Polycystic Οvary Syndrome (PCOS)

Polycystic ovary syndrome (PCOS), a hormonal disorder that impacts around 10-15% of women in their reproductive years, stands as one of the leading causes of infertility. Women affected by PCOS typically experience the presence of multiple small cysts (follicles) in their ovaries, resulting in irregular ovulation. Additionally, the condition manifests through enlarged ovaries and heightened production of androgens.

The exact cause of PCOS remains elusive, but early detection coupled with appropriate care can help mitigate the risk of long-term complications such as heart disease and type 2 diabetes.

What are the symptoms?

The most common symptoms are:

  • Acne
  • Obesity
  • Irregular periods
  • Excess facial and body hair (hirsutism)
  • Infertility


There is no concrete way or test to diagnose polycystic ovary syndrome.

A detailed medical history (menstrual periods, weight changes)and a physical exam checking excess hair growth and acne are of great importance. Then a transvaginal ultrasound and hormone tests (FSH, LH, Estradiol, testosterone, DHEA, Androstenedione) should be done to diagnose the syndrome.

What are the causes?

The precise cause of this condition remains uncertain, although several factors are believed to contribute to its development. These factors include excessive levels of androgens (male hormones), elevated insulin levels, and genetic predisposition.

How we treat infertility in women with PCOS?

The primary cause of infertility in women with PCOS is the lack of regular ovulation or the absence of ovulation altogether.

  • Weight loss

Achieving weight loss can help restore menstrual cycle regularity and promote ovulation in women with PCOS. However, shedding excess weight can be particularly challenging for individuals with this condition. It is advisable to follow a dietary plan that is high in protein, moderate in carbohydrates, and low in fat. Incorporating aerobic exercises such as running, swimming, and walking into one’s routine can also be beneficial. Seeking guidance from a registered dietitian is recommended for personalized advice and support.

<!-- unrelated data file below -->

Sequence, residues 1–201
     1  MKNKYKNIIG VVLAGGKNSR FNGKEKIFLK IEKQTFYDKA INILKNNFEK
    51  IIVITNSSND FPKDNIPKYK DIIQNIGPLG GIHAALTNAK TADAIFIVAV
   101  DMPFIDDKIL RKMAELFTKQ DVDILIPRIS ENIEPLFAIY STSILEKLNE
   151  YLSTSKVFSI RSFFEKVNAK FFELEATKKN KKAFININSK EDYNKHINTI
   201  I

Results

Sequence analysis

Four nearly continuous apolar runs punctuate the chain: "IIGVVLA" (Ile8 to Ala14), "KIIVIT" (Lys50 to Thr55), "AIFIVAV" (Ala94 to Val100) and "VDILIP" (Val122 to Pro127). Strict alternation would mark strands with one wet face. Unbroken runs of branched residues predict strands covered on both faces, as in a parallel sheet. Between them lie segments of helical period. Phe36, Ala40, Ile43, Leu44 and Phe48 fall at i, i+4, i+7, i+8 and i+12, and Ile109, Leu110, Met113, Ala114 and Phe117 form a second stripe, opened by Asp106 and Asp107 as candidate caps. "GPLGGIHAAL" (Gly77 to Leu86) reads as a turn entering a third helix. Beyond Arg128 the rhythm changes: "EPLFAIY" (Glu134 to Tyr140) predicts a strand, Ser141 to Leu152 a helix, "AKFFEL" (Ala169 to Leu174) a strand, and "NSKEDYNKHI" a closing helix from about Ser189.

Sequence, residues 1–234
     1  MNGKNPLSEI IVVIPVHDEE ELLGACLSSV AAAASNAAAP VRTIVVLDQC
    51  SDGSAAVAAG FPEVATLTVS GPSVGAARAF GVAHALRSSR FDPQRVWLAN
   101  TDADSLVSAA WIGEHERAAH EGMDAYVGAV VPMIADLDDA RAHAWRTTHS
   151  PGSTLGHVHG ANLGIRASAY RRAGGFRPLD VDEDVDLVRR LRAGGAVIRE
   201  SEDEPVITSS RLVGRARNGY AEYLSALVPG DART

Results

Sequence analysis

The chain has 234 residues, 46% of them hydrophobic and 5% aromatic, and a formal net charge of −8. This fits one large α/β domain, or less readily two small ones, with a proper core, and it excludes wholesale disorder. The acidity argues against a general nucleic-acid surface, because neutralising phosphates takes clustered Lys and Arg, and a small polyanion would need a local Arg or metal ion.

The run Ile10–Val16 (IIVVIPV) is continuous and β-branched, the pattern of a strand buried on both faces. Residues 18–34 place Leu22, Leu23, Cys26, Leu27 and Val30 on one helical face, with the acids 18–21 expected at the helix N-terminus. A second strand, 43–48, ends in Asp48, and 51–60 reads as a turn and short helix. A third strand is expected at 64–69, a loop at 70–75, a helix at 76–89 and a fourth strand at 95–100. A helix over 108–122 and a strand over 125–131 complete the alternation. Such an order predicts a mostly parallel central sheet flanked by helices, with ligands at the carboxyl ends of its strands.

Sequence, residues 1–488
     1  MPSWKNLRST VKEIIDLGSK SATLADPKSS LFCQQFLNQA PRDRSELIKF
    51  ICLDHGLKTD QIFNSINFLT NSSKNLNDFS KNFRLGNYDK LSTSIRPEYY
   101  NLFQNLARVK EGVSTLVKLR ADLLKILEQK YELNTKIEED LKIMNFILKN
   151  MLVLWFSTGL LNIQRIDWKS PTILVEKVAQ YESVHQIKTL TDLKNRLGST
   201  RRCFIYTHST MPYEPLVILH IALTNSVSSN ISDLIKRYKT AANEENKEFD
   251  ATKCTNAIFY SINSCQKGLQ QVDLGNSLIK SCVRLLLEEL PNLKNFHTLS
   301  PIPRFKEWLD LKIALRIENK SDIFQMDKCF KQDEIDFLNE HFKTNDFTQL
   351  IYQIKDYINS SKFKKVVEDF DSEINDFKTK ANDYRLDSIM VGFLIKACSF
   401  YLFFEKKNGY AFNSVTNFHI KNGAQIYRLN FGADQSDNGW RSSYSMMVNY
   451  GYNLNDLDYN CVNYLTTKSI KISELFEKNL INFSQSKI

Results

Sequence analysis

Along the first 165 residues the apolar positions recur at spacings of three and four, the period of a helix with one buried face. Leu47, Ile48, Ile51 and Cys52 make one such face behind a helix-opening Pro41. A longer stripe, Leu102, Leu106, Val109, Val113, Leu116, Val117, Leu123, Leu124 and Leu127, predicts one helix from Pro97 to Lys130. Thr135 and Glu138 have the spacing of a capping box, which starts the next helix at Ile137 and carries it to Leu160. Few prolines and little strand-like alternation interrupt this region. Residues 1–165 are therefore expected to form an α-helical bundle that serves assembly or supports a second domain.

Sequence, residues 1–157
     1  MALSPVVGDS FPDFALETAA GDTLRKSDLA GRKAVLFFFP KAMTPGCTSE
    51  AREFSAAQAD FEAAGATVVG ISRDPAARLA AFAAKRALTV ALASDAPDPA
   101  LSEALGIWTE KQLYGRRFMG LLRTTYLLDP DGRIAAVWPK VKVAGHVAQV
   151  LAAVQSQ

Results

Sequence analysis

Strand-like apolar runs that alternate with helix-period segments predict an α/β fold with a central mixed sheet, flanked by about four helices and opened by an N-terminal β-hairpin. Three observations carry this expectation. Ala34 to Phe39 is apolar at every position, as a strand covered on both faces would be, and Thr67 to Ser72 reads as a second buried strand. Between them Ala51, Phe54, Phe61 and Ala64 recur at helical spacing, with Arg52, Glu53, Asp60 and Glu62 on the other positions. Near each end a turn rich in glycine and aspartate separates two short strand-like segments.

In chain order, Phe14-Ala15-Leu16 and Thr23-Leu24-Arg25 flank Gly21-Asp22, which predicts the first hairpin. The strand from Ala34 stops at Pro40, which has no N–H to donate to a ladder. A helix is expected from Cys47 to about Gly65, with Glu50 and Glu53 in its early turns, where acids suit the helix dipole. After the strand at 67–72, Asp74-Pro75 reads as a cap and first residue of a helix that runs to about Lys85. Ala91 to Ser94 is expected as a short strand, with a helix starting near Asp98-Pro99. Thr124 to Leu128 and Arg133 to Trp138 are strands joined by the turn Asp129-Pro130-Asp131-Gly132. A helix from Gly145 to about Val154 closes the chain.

• Oral medication

Clomiphene citrate is the primary medication prescribed for women with PCOS who are seeking to induce ovulation. Throughout the treatment process, particularly during the initial month, the woman’s ovarian response to the medication is monitored through ultrasound examinations. Typically, clomiphene is taken for a period of 6 months, and if pregnancy does not occur, alternative treatment options are considered. Other medications commonly utilized in such cases include letrozole and metformin.

  • Injectable medications

Gonadotrophin injections are the next step for women who failed to ovulate with oral medication. Again the woman should be monitored carefully because there is a small risk of ovarian hyperstimulation. In many cases, we perform IUI (intrauterine insemination) to increase the chances of pregnancy.

  • Surgery (ovarian drilling)

Ovarian drilling is a surgical procedure where we perform laparoscopy and we create small holes with diathermy in the ovaries.The results are excellent and most of the women ovulate the first month after the operation.

  • IVF treatment

If the aforementioned approaches prove ineffective, the next recommended course of action with high success rates is undergoing in vitro fertilization (IVF) treatment. Due to the increased risk of ovarian hyperstimulation in women with PCOS, close monitoring is essential. In cases where a significant number of eggs are produced, it is common practice to freeze all the embryos and perform the embryo transfer in a subsequent cycle for optimal results.

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